It is not a great time to be a wolf in many American states. It is particularly bad in South Dakota, Montana, and Idaho, where new laws and regulations are expected to drastically reduce the population of wolves in those states.
In South Dakota, as of January 2021, hunters are allowed to shoot grey wolves all year round, just as they do with coyotes. The state has no permanent population of these animals, so the ones killed are usually unfortunates that wandered from other states.
Not that the situation is safer in the adjacent state of Montana. In April, newly elected governor Greg Gianforte passed law SB0314 that would reduce the wolf population from the estimated 800 to 1,200 individuals to at least 15 breeding pairs. Gianforte was given a written warning after trapping and killing a Yellowstone wolf that wandered into the state. Gianforte had not completed a state-mandated wolf trapping certification course.
Aggressive culling law was also passed in Idaho in May. S1211 aims to kill 90 percent of the population of Idaho wolves from 1,500 individuals to just 150 members. One of the reasons claimed for this law to be necessary is the predation of wolves on livestock. According to the U.S. Department of Agriculture, 130 cattle and sheep in Idaho were either confirmed or probably killed by wolves between July 2019 and June last year.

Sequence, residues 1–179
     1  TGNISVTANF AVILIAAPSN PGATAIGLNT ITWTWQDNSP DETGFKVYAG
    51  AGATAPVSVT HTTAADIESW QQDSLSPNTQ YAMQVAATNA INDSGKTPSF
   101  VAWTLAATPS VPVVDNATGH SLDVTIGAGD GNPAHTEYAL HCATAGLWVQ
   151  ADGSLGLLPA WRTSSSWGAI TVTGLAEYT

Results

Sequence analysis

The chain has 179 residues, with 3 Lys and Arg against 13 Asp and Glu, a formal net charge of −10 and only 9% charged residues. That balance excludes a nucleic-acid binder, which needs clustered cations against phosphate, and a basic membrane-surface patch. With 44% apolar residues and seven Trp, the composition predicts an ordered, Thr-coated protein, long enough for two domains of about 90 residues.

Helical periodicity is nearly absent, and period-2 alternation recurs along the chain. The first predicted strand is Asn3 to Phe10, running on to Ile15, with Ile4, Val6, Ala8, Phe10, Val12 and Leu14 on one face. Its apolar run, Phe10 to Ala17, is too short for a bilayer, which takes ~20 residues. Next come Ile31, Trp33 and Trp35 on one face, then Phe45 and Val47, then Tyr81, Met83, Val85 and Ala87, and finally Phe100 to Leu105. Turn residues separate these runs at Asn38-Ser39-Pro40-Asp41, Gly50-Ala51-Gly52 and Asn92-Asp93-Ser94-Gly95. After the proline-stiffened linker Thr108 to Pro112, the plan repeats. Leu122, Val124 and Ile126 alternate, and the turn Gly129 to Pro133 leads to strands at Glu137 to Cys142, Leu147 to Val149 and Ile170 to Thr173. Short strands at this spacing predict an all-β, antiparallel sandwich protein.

There are over 2 million cattle alone in Idaho. Country-wide statistics put that death by predation in adult cattle was less than 2.5 percent of the total back in 2015. The vast majority of that was done by coyotes, and not by wolves. The number of cattle lost to non-predatory causes in Idaho that year was about 40,000 animals. Culling wolves might also have counterproductive effects as weaker packs might look for easier prey to hunt: namely cattle.
The Idaho fish and game commission opposed the law, which has liberalized trapping rules and even increased funding to hire professional exterminators that can shoot wolves from helicopters. The money to cover this comes from funds that were originally destined to the Department of Fish And Game.
The reintroduction of wolves in Yellowstone National Park back in the 90s had a profound effect not only on the numbers of other animals but even on the landscape. Wolves began hunting elks whose number was doubled what it used to be. The herbivores began avoiding certain areas of the park leading to the recovery of willow, cottonwood, and aspen trees.